This post continues our narrowboat journey from Summit to Castleton on the Rochdale Canal
Wednesday 13th November
Our cruise today was from Summit to Littleborough. 9 Locks. 1.25 miles.
I managed to ground the boat! I was waiting for Paul to open the lock and was floating against the side of the canal when I got distracted by talking to a lovely lady who was asking about the name of our boat. As I turned from her to see how the lock was progressing, Hang Loose was listing sideways and grounded!! Paul had already spotted what was happening and was walking back towards me. He let a little water down from the lock above and I was soon floating again. Very scary how quickly these things happen and a reminder to not take your eye off what’s happening!
The locks were pretty tough again – some of the gates are so heavy and difficult to open. Also, although they are double locks there were two that we had to go through one at a time due to subsidence. Despite this it was a lovely cruise again – quite cold and a couple of little showers but the sun kept trying to peep through.
We filled with water at moored up opposite Durn services.
Unfortunately no rings here but the pins went in ok. It’s a 2 week mooring spot but we will stay for 3 nights. Today has been a little challenging and Rosemary’s words of wisdom today were that we needed to find a pub and have a beer or two – so off we went. We found a little boozer called The Red Lion. It doesn’t serve food but the beer is £2.20 a pint! We like it here.
Littleborough is a bustling little town with lots of shops. There’s a Co-Op and a Lidl. I also found a very nice butchers. The Coach Heritage Centre, opposite the church, is a grade II listed building.
The tourist information is here and a lovely little cafe called The Cherry Tree Cafe, where we had a lovely meal yesterday.
Thursday 14th November
It is our lovely Lady Rosemary’s Birthday tomorrow (oops sorry if I wasn’t supposed to mention that). Tonight we went for a meal at The Rake to celebrate.
It is a Tapas restaurant and it’s amazing – the best Tapas I’ve ever had. It was a really lovely evening – Happy Birthday Rosemary .
The weather has been awful today. It’s really windy and the canal is very choppy. You would not want to be out cruising today! It’s been bitterly cold and raining most of the day.
Friday 15th November
It is still really windy and cold but the rain has eased off a little. We went back to the Summit Inn for a birthday lunch with Rosemary and Bob and their friends – Pete and Jill.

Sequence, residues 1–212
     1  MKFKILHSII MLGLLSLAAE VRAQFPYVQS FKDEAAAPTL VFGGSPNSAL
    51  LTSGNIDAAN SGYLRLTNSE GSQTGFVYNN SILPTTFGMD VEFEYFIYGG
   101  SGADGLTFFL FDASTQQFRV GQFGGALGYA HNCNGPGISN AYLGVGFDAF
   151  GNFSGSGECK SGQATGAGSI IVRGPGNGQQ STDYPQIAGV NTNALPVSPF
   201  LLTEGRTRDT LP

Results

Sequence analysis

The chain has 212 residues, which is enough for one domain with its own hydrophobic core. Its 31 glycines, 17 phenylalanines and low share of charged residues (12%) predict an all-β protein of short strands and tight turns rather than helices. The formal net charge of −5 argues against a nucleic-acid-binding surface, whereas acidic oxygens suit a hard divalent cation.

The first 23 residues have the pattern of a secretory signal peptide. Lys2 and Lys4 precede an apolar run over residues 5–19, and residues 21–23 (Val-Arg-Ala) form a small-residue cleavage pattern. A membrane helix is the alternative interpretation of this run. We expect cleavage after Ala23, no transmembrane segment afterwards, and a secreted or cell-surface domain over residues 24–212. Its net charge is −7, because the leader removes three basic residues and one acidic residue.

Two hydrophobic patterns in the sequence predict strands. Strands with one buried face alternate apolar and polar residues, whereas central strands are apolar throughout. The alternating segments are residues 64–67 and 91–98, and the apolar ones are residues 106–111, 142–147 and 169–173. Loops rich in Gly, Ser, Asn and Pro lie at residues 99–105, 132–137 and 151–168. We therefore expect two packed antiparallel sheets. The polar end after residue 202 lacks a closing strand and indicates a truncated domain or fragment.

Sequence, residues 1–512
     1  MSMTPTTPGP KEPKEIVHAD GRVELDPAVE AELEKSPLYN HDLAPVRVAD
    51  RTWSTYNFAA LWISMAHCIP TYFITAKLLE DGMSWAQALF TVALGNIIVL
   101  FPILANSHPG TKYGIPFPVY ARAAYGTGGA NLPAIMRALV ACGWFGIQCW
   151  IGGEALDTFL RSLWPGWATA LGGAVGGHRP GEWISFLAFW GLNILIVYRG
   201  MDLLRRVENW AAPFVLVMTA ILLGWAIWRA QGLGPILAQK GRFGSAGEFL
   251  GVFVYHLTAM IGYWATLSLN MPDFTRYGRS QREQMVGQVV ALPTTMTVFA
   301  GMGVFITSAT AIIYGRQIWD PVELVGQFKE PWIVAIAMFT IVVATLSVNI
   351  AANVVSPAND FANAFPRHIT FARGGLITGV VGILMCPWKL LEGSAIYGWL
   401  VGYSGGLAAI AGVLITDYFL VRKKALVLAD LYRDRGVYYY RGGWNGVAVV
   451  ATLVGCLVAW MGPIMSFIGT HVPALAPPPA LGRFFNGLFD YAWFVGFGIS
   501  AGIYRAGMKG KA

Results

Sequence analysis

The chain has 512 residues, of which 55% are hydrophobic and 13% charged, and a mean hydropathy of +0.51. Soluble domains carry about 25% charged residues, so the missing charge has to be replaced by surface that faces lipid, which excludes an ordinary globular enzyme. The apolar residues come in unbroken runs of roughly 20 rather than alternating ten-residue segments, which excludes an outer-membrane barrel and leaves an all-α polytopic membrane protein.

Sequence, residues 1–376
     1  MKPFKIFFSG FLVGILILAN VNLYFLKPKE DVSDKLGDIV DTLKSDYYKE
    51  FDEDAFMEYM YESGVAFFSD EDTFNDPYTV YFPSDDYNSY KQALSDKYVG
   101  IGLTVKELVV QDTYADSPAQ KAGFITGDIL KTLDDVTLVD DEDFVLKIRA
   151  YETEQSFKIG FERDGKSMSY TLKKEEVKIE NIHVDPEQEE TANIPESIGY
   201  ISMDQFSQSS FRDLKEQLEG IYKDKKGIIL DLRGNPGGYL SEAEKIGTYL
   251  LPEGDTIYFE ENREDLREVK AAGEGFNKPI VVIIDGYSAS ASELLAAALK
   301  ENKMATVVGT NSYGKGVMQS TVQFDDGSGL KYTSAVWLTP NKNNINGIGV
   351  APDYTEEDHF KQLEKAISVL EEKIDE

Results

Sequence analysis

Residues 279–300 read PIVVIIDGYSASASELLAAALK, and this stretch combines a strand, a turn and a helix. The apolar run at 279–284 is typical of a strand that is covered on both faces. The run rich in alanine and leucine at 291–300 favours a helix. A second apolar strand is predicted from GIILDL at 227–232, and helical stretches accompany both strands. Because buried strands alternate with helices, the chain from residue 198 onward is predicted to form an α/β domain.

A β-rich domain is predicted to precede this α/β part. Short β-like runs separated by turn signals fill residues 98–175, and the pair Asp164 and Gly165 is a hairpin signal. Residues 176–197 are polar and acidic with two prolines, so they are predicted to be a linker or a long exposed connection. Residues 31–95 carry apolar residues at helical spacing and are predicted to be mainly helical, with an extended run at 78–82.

We have eaten here when we were moored right by it and it was delicious food. Today was just as good again. It’s really worth a visit if you’re cruising by. The food is so good and on Monday to Thursday it’s £10 for 2 meals between 12 and 5. Very dog-friendly too.
Saturday 16th November
We left Littleborough today and cruised to Castleton. Our mooring was just after lock 51. Today’s section of the Rochdale Canal was really not as stunning as it as been, but still pretty. It is just a bit spoiled by the fact there is so much rubbish in the canal.
There was just so much rubbish in the canal, including shopping trolleys, a fridge and just so many empty plastic bottles and cans – so sad! We only did 5 locks today although the first lock we had to do one by one again. There were also two swingbridges! We thought today was going to be a really easy day! We even had a cruise of about 3 miles with no locks – this hasn’t happened for quite some time! However, I don’t really think that any part of the Rochdale Canal could be described as easy! We also got a lot of rubbish stuck around the prop – ours wasn’t quite as bad as Bob and Rosemary’s though – it was mostly plastic around ours but theirs even had clothing round it. It’s such a shame that the canal looks so unloved and uncherished In this area!
Until 1875 Castleton was known as Blue Pits – the name derived from a small local quarry which mined a blue-coloured sand. Around 200 years ago, Blue Pits was just a few small hamlets on the Castleton Moor. In 1875 Blue Pits became an Urban District Council and changed its name to Castleton. The name Castleton came from an old Saxon castle or watch tower that stood on the hills of Castleton Moor which was referred to as the ‘Castle on the Ton’ and hence the name Castleton.
We moored up – and surprisingly, went to the pub! The Blue Pits Inn was our pub of choice tonight and there is an old morgue in the cellars! The landlady kindly took us down to have a look. Very spooky. The story is that they used to bring the body’s in from the canal into the morgue. One day, a guy that used to work there killed a girl and threw her body into the canal. Her body was pulled out of the canal and taken into the morgue and laid on one of the mortuary slabs. That slab remains damp to this day – yet the other slab is bone dry!!!! Apparently there’s one or two other souls hanging around down there too!
We had a good night at this pub – very friendly locals and the beer was cheap too.
Another good pub here was The Old Post Office. They even had Hang Loose on tap – brilliant! Very nice it was too. This was another really good little community pub with very friendly and welcoming locals.
We moored just after Lock 51 and as we were going down a young couple were watching – or to use the proper term, gongoozling. They had never seen two boats going down together. In fact, lots of the locals were saying that it’s quite unusual at this time of year. We were advised as soon as we moored up to move further along where it was quieter but we decided to stay put. We had no trouble at all and stayed 3 nights.
Our journey from Summit to Castleton on the Rochdale Canal has covered 7 miles and 14 locks.